When the going gets weird, the weird turn pro. - Hunter S. Thompson

07 September 2006


Basketball star Stephon Marbury, who grew up in the Coney Island projects, doesn't want to see kids paying $200 for a pair of celebrity-endorsed sneakers. (That's a family's grocery bill for a week or more, after all.)

He's lent his name and star power to a line of simple, well-designed sneakers and clothes that are being sold exclusively by the Steve and Barry's (no relation) chain.

The flagship sneaker, the Starbury One, costs about $15 a pair. And he's planning to wear them on the basketball court next season.

Slate has full coverage. Excerpt:
The Starbury line is available only at the up-and-coming cheapo apparel retailer Steve & Barry's. Steve & Barry's started with a single store at the University of Pennsylvania in 1985, expanded to other college campuses, and then to malls. Today, there are about 130 stores, with six opening in August and September alone... Steven Shore and Barry Prevor have managed to undercut Wal-Mart and Target by scoring great deals from landlords at crappy malls, buying directly from overseas, and offering only house brands. The result: absurdly low prices. Walk through the aisles and you'll shake your head in disbelief: polo shirts, rugby shirts, hats, university T-shirts, bulky hooded sweatshirts, jeans and khakis, shorts, warm-up jackets, all for less than $10. You could clothe your family for a year for $100. If Steve & Barry can figure out how to make a few pennies on each sale, they can certainly figure out how to make sure Marbury gets a penny or two.


This morning, the Manhattan Mall was generally empty--except for the line of 75 people queuing up outside Steve & Barry's to get a look at the shoes, which had arrived earlier this month. Inside, many were frustrated by the lack of selection and the two-pair-per-person limit. But that didn't stop them from loading up on Starbury apparel--T-shirts and varsity jackets, jeans, satiny warm-up jackets and baggy shorts, basketball jerseys--all for a tiny fraction of what similar products would cost at Niketown or at the New York Knicks' online store. Meanwhile, foot traffic at the Foot Locker one floor down was nonexistent.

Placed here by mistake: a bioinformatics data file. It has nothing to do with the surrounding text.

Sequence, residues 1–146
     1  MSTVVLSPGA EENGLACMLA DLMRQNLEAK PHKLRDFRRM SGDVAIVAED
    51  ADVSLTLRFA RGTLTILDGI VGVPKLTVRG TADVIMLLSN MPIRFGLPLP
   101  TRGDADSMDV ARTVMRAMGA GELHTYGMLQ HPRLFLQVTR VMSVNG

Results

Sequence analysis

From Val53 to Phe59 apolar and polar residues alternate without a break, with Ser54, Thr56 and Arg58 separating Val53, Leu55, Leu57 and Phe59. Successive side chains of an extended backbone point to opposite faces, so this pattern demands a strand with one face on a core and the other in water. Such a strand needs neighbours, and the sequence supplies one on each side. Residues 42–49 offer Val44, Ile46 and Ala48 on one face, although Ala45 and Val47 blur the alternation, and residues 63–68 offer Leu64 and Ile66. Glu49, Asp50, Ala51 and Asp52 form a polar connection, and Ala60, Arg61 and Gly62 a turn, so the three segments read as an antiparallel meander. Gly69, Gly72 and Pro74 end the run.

Marbury vs. Madison Avenue (Slate)


1 comment:

Anonymous said...

I recently bought a pair of Starbury SMX for $10 plus tax. They're much better than the Starbury Ones. Yes, the Starbury Ones's thin sole, midsole and innersole add up to the fact that you can feel the floor when you jump in the shoes. However, while the SMX's are touted as a lowtop shoe, they come up about half an inch past the ankle, giving quite a nice ankle support, something I need a lot. Yes they're a bit clunky and resemble "old-school" sneakers a lot, but I like them quite a bit. No I don't play basketball, but they're rather comfortable and so far have held up to what I've thrown at them. In case you're wondering, I'm a 25 year old Graduate Student with medium Cerebral Palsy (I get around witha walker or crutches); I'm not a CEO, nor a basketball player; I'm just a regular guy who wanted a pair of comfortable sneakers to get around town with. I think I got more than my money's